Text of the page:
3. Is the Strictly vaccine row really a “scandal”? There is no doubt that this is a valid story bringing into a new focus the various issues of personal freedom and societal responsibility, but a scandal? Like Profumo or Blunt or care homes? Hardly.

Incidentally, it’s interesting to note that the return of the competition provides fodder for almost every title – interviews with past winners, profiles of the new contestants, features on the presenters. Well, of course, you say. It’s a popular show. As is Bake-Off, which also returned this week. Quite. But much of this material appears in papers that take every opportunity to bash the BBC – or Channel 4, where Bake-Off now resides. They accuse them of bias, profligacy, failure to serve the public and myriad other sins. But that doesn’t stop them using the networks as a ready source of page fillings. And, joy of joys, a former Bake-Off winner is one of the Strictly contestants: John Whaite is partnering Johannes Radebe – who was recently on Celebrity Masterchef – in the show’s first all-male pairing. Reality TV, the gift that just keeps giving.

4. This is almost a neat piece of work on a pair of celebrity deaths. Or at least the “in” and “on” the box bit is. Was John Challis a genius? How many people could actually put a name to the actor who played Boycie? Or name other plays, films, TV programmes he had appeared in? Maybe the Sun was trying to reach readers too young to remember Jimmy Greaves. But Only Fools and Horses isn’t exactly a recent piece of television. Its last proper series ended 25 years ago, returning only for a three-episode Christmas special in 2003. TV comedy gold it may well have been, but it’s not what you’d call the go-to show for the youth market the Sun (and all papers intent on survival) needs to attract.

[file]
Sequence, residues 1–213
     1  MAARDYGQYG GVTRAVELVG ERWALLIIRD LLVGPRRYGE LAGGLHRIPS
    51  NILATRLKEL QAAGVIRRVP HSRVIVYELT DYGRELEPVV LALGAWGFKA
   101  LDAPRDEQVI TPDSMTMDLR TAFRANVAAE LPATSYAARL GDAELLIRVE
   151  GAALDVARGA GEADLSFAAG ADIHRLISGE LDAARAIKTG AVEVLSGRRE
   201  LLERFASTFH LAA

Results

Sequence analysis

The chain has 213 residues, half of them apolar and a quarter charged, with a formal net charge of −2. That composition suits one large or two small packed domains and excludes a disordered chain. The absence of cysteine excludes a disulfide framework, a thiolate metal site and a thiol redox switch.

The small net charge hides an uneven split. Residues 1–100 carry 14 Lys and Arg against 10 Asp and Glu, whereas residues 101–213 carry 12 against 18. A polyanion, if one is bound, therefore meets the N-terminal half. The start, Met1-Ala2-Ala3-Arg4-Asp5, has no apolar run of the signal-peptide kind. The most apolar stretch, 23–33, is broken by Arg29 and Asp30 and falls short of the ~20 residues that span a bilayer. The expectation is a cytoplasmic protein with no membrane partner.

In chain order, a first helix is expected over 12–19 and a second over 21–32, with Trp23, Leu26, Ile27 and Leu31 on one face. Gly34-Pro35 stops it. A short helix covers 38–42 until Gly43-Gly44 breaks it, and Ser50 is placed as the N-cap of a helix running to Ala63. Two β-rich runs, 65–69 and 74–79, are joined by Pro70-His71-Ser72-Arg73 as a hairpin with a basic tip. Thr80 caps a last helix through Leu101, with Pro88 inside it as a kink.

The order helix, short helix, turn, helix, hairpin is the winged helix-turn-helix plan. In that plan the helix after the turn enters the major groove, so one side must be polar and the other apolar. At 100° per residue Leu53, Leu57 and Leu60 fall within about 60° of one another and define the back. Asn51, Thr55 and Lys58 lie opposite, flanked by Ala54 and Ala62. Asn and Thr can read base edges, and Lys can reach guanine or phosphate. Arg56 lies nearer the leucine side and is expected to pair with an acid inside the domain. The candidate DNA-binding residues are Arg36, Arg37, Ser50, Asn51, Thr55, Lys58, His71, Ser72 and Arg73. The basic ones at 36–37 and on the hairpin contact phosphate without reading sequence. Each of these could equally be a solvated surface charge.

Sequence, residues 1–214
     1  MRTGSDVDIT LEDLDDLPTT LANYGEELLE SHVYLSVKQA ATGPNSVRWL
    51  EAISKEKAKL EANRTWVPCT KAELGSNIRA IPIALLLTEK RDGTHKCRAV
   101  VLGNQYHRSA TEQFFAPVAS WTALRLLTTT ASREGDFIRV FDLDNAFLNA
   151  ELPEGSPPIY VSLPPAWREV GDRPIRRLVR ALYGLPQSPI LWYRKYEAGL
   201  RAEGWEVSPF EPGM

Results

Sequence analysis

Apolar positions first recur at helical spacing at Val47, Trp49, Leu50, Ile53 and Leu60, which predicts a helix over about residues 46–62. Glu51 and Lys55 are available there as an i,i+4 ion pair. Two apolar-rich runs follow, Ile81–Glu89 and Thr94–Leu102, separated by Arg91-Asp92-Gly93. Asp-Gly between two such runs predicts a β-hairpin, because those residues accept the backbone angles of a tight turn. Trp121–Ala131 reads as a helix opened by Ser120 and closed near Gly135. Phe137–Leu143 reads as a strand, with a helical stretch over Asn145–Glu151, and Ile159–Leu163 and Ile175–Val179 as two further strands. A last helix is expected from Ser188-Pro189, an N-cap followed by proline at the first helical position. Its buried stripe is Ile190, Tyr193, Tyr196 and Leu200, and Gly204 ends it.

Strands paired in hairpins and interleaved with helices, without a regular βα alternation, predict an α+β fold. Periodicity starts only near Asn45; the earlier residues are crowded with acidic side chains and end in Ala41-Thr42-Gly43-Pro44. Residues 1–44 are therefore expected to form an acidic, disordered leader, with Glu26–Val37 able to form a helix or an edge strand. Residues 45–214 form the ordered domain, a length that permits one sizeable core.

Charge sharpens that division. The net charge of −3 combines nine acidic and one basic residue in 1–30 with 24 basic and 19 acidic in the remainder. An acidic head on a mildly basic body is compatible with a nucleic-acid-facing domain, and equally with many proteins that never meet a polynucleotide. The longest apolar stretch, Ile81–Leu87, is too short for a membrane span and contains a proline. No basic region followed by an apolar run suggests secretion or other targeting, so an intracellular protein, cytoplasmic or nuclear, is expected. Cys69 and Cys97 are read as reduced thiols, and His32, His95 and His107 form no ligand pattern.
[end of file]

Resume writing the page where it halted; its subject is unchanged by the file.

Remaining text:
5. The i meanwhile went a step up from genius – if that’s possible – by describing Greaves as “the Messi of his day”. Er, no he wasn’t. He was a fabulous goal-scorer and some of his records stand to this day, but he was never in the Messi league. And remember in “his day”, Pele was playing.

6. I wonder how old the sub who wrote this Mirror headline on Emma Raducanu is. For those not brought up in the world of print, typespace is measured in “ems” and “ens” (as the names imply, the em is twice the width of en). When measuring type (and pictures), subs would use a special ruler marked not in inches or centimetres, but in ems. This was called an em rule. I still have one in my drawer. It’s made of plastic. Someone stole my brass one. Whether or not they intended this arcane allusion, cheers to whoever wrote this headline.